Air pollutant emissions from land-based sources are continuing to fall slightly, but considerably slower than before. Some of the reductions on land are also countered by rising emissions from international shipping.
Since 1980, total European emissions of sulphur dioxide (SO₂) – the most significant acidifying pollutant and an important precursor to health-damaging secondary fine particles (PM2.5) – from land-based emission sources have fallen by 86 per cent, from around 53 million tonnes in 1980 to 7.2 million tonnes in 2013.
Emissions of nitrogen oxides (NOx), non-methane volatile organic compounds (VOCs), and ammonia have also gone down, although to a lesser extent. VOCs have more than halved (-58 per cent) since 1980, while NOx and ammonia emissions have dropped by 46 and 34 per cent, respectively.
Historic emissions of primary particulate matter (PM2.5) are not as well documented as those of other air pollutants, and many countries lack emissions data for the 1990s. Between 2000 and 2013 it is estimated that emissions of PM2.5from land-based sources have fallen only by 13 per cent, from 3 to 2.6 million tonnes.
Although overall emissions continue to fall, the downward trend has flattened out over the last five-ten years, especially in the case of ammonia and primary particles.
Looking specifically at the 28 member states of the European Union, between 1980 and 2013 the emissions of SO₂ came down by as much as 91 per cent, while those of NOx and VOCs fell respectively by 53 and 60 per cent. Emissions of ammonia – which emanate primarily from agricultural activities – fell by only 27 per cent. Primary PM2.5 particles were reduced by 23 per cent between 2000 and 2013.
Emissions of SO₂ from international shipping in European waters showed a steady increase up to around 2006, after which emissions have fallen, primarily as a result of sulphur regulation. The emission reductions were particularly marked in the northern Sulphur Emission Control Areas (SECA), which cover the Baltic Sea and the North Sea, including the English Channel. Between 1980 and 2013, overall ship SO₂ emissions came down by about 10 per cent.
Ship NOx emissions appear to have stabilised, and even come down somewhat, during the economic crisis (2008–2009), but because of a lack of effective ship NOx regulation, they are likely to start increasing again as the economy and trade grow. Compared to 1980, ship NOx emissions have increased by nearly a quarter.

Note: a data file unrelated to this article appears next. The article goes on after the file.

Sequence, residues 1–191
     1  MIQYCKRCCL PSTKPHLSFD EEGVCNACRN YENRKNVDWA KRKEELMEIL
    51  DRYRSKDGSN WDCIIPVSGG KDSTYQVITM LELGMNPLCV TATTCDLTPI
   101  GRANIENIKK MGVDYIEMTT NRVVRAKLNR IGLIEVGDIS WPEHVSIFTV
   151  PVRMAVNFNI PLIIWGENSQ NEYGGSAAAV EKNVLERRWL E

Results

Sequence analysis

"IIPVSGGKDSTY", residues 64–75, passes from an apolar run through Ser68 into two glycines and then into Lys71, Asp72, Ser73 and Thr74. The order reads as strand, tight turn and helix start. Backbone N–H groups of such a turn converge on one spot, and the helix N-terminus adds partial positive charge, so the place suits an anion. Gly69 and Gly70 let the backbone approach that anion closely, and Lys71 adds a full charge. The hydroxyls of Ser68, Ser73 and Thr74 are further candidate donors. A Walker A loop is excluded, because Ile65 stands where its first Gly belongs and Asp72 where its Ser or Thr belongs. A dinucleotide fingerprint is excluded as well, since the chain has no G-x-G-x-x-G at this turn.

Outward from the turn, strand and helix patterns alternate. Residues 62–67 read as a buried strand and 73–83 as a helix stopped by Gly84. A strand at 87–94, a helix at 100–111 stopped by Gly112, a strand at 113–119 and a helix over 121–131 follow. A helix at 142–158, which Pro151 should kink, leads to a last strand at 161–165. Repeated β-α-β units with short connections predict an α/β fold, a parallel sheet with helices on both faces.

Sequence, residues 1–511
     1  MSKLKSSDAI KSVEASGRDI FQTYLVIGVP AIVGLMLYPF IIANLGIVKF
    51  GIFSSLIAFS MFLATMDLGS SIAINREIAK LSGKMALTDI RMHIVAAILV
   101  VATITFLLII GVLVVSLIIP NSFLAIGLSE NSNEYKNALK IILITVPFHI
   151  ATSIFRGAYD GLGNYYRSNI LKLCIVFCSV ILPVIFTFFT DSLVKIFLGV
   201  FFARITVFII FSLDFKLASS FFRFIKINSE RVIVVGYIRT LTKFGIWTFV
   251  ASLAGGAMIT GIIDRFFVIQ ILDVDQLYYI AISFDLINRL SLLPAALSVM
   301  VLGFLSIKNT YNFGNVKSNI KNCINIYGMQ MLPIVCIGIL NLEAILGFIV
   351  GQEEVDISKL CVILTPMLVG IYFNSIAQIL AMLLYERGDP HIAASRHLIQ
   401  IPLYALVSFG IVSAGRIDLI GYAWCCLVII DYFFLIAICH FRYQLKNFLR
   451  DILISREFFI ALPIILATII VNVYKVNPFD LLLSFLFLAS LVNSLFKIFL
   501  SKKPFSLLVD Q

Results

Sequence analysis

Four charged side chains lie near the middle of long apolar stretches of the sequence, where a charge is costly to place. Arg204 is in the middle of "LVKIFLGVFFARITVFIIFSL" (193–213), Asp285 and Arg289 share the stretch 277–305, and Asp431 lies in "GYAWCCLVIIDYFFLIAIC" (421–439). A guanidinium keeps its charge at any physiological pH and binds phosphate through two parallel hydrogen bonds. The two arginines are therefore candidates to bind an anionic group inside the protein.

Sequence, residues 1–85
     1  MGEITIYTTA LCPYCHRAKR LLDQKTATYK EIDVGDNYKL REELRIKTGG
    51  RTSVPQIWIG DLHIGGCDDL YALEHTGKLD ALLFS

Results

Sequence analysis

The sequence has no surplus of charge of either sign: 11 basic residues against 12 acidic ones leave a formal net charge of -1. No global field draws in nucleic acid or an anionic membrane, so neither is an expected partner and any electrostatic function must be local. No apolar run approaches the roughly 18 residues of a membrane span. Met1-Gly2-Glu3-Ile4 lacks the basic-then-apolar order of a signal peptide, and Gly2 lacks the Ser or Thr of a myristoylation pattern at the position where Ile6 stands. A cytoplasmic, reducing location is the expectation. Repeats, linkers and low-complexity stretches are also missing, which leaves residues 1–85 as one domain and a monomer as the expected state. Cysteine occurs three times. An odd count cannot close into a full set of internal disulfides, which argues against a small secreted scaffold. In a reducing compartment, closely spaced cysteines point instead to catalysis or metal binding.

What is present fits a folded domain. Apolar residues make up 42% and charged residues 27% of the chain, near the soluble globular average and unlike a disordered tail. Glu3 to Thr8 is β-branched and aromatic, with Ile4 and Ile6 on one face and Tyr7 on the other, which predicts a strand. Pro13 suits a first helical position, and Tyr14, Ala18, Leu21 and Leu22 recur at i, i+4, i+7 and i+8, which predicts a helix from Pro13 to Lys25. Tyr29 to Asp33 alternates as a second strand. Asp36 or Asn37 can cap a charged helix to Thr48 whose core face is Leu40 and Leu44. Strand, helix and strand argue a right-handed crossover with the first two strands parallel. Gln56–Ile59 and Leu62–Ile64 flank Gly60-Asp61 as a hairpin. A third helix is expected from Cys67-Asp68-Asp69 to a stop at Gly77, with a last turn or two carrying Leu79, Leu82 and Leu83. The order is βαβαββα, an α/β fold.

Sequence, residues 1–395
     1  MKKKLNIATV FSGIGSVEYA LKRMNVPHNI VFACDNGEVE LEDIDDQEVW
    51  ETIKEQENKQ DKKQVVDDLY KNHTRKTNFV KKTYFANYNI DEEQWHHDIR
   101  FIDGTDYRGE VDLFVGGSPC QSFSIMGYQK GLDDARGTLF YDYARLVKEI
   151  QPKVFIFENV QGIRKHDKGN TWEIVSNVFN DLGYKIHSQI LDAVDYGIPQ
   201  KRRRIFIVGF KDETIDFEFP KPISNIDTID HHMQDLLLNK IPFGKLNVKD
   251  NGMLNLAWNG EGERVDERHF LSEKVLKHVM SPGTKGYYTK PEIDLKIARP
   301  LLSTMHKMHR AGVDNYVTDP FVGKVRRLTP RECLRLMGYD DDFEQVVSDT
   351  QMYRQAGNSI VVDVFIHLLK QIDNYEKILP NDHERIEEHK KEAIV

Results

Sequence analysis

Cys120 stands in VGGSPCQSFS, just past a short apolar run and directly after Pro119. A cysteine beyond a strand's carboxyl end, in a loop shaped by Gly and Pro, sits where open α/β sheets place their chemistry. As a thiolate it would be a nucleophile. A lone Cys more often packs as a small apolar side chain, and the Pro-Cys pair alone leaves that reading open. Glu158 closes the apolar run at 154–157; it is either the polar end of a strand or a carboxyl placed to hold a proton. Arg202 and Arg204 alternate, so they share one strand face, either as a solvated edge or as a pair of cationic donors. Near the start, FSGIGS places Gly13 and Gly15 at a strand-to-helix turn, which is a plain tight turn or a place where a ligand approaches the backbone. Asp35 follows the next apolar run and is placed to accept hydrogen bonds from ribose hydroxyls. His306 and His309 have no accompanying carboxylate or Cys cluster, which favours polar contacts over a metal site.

The data in Table 1 is based on figures reported by countries themselves to the Convention on Long-range Transboundary Air Pollution, and was compiled by the European Monitoring and Evaluation Programme (EMEP). The Convention’s EMEP keeps track of the ways in which emissions from one country affect the environment in others. The EMEP report also provides an overview of calculations for source-receptor relationships (including transboundary movements between countries), covering acidifying, eutrophying, photo-oxidant, and particle pollution.
For most European countries the biggest share of depositions of sulphur and nitrogen emanate from outside their own territory, and an increasing share of the depositions originate from international shipping.
Sice land-based emissions of SO₂, NOx and PM2.5 have been falling much faster than those from international shipping, shipping’s contribution to pollutant depositions and concentrations has been getting bigger and bigger over time. For 2013 it was estimated that ship emissions were responsible for ten per cent or more of the total depositions of both sulphur and oxidised nitrogen compounds in many countries (see Table 2). In the coastal areas of these countries, shipping’s contribution to the overall pollution load is even higher. Countries that are particularly exposed to air pollution from shipping include Portugal, Denmark, Norway, Sweden, Ireland, the Netherlands, Spain, France and the United Kingdom.Christer Ågren
Report: “Transboundary particulate matter, photo-oxidants, acidifying and eutrophying components.” EMEP Report 1/2015
Table: European countries where the proportion of air pollutant depositions of sulphur and oxidised nitrogen from ships is the most marked.
|Portugal||26 %||Norway||28 %|
|Denmark||24 %||Sweden||26 %|
|Netherlands||22 %||Denmark||26 %|
|Ireland||20 %||Portugal||24 %|
|Norway||19 %||Greece||23 %|
|Spain||18 %||Ireland||23 %|
|Sweden||17 %||Netherlands||19 %|
|France||15 %||Finland||18 %|
|UK||13 %||Spain||18 %|
|Italy||13 %||UK||18 %|
|Belgium||10 %||Italy||15 %|
|Greece||9 %||France||14 %|